The case against The most ob­vi­ous rea­son not to lift the sanc­tions is that those in­di­vid­u­als linked to the pre­vi­ous mil­i­tary regime would ben­e­fit from the de­ci­sion. This in­cludes prom­i­nent busi­ness cronies, known crim­i­nals and es­tab­lished hu­man rights abusers. Com­pa­nies linked to the pre­vi­ous mil­i­tary regime would also ben­e­fit, es­pe­cially the Union of Myan­mar Eco­nomic Hold­ings and the Myan­mar Eco­nomic Cor­po­ra­tion. To­gether they dom­i­nate the agro­farm­ing, air­line, bank­ing, min­er­als, tourism and trad­ing in­dus­tries. The re­moval of sanc­tions would there­fore ben­e­fit the few, not the many.

An­other prob­lem, ex­pressed by eth­nic civil so­ci­ety or­gan­i­sa­tions, is that end­ing the sanc­tions re­leases pres­sure on the mil­i­tary to abide by in­ter­na­tional hu­man rights norms amid on­go­ing con­flict. “There re­main a num­ber of press­ing is­sues threat­en­ing the sta­bil­ity of the coun­try and its most vul­ner­a­ble peo­ple,” a joint let­ter stated. “These is­sues are deeply con­cern­ing as they in­clude the sever­est of hu­man rights abuses, and progress on these dire mat­ters should be re­quired to lift fur­ther sanc­tions.” This ap­peal ev­i­dently fell on deaf ears.

Lift­ing the sanc­tions also takes away the lever­age they pro­vided the gov­ern­ment in its re­la­tion­ship with the mil­i­tary. This is the crit­i­cism made by Hu­man Rights Watch: “The sanc­tions are cru­cial for press­ing the mil­i­tary to end rights abuses and trans­fer power to a civil­ian gov­ern­ment. They shouldn’t be fully lifted un­til the demo­cratic tran­si­tion is ir­re­versible.” In other words, the sanc­tions of­fered a means to get the mil­i­tary to the ne­go­ti­at­ing ta­ble on re­form­ing the 2008 con­sti­tu­tion. With­out them, it is un­clear how to get the mil­i­tary to in­vest more fully in democrati­sa­tion.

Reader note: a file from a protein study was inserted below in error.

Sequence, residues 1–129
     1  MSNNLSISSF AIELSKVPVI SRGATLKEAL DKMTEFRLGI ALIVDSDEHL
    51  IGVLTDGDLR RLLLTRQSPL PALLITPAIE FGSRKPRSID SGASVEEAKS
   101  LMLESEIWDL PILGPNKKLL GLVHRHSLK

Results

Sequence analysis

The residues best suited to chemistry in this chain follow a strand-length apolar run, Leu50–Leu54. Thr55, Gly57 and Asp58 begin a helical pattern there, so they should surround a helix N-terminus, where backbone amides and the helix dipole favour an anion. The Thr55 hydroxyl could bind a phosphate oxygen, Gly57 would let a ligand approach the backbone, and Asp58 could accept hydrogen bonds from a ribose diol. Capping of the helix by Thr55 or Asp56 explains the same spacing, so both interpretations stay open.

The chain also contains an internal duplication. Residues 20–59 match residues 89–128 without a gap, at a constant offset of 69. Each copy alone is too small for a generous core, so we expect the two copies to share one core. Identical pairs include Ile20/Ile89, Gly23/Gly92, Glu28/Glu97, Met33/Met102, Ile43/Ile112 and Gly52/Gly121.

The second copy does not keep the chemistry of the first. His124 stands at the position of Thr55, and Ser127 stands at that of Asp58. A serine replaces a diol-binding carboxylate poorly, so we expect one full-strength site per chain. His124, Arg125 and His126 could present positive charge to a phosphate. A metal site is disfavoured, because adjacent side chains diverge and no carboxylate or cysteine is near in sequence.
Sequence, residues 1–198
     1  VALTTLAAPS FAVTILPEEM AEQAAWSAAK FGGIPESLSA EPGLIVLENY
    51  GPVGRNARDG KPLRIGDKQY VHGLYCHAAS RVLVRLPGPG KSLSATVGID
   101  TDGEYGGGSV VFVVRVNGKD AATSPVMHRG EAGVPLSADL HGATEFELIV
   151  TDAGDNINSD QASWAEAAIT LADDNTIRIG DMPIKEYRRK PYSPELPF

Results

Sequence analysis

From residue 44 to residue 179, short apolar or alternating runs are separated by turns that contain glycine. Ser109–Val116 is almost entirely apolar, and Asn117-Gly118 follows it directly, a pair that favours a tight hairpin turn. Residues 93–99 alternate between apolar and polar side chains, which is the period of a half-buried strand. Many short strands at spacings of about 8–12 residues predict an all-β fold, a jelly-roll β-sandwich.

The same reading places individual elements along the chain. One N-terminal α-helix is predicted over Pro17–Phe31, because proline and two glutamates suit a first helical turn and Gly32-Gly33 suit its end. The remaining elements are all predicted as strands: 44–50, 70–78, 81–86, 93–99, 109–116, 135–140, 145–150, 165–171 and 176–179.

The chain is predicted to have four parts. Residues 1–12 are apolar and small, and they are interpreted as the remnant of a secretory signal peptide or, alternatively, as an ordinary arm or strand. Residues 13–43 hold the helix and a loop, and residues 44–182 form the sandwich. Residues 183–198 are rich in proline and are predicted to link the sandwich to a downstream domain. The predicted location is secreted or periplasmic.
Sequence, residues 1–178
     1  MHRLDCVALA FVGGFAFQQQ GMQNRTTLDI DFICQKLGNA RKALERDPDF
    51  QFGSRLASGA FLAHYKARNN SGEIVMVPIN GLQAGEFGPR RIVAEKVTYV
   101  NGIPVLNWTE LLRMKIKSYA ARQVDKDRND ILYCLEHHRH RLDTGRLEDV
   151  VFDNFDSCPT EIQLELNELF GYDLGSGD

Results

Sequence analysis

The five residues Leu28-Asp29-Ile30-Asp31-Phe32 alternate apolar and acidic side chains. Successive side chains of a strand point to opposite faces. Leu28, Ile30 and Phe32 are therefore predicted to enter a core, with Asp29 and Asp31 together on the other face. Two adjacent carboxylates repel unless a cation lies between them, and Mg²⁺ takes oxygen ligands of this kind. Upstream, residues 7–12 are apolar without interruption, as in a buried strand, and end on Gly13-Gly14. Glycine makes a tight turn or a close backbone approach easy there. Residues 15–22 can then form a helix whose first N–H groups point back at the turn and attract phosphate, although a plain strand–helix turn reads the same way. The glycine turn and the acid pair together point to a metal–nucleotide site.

The right thing? All that said, drop­ping the sanc­tions was the right thing to do. This is be­cause the en­tire case against do­ing so is premised on the no­tion that the sanc­tions ac­tu­ally worked.

This claim runs counter to a se­ries of dev­as­tat­ing cri­tiques of­fered by Morten Ped­er­sen (2008) and Lee Jones (2015). They reveal how those in­di­vid­u­als and com­pa­nies tar­geted by the sanc­tions had ac­tu­ally been able to cir­cum­vent the re­stric­tions and dis­place their costs. The con­se­quences of the sanc­tions were thus avoided al­to­gether and/or suf­fered by av­er­age cit­i­zens.

The fur­ther claim – that with­out the sanc­tions, the mil­i­tary would not feel pres­sured to com­ply with in­ter­na­tional hu­man rights norms – is ir­rel­e­vant. The wide­spread abuses com­mit­ted by the mil­i­tary against var­i­ous eth­nic groups eas­ily pre­date the start of sanc­tions and will con­tinue to oc­cur with the end of them.

The fi­nal claim, that the sanc­tions pro­vide the gov­ern­ment with lever­age over the mil­i­tary in the con­text of re­form­ing the con­sti­tu­tion, fails to ac­count for the real rea­son why the mil­i­tary ab­di­cated day-to-day con­trol of the gov­ern­ment. Not only does this ex­tru­sion strat­egy re­main in place, but also the sup­posed pres­sure of sanc­tions are in­con­se­quen­tial to it.

Lee Morgenbesser is a re­search fel­low at the Grif­fith Asia In­sti­tute, Grif­fith Univer­sity. This ar­ti­cle is a col­lab­o­ra­tion between The Myan­mar Times and New Man­dala, a web­site on South­east Asia’s pol­i­tics and so­ci­eties based at the ANU Co­ral Bell School of Asia Pa­cific Af­fairs.

Photo: EPA

US Pres­i­dent Barack Obama speaks dur­ing a meet­ing with Myan­mar youth and eth­nic mi­nori­ties at Yan­gon Univer­sity in the com­mer­cial cap­i­tal on Novem­ber 14, 2014.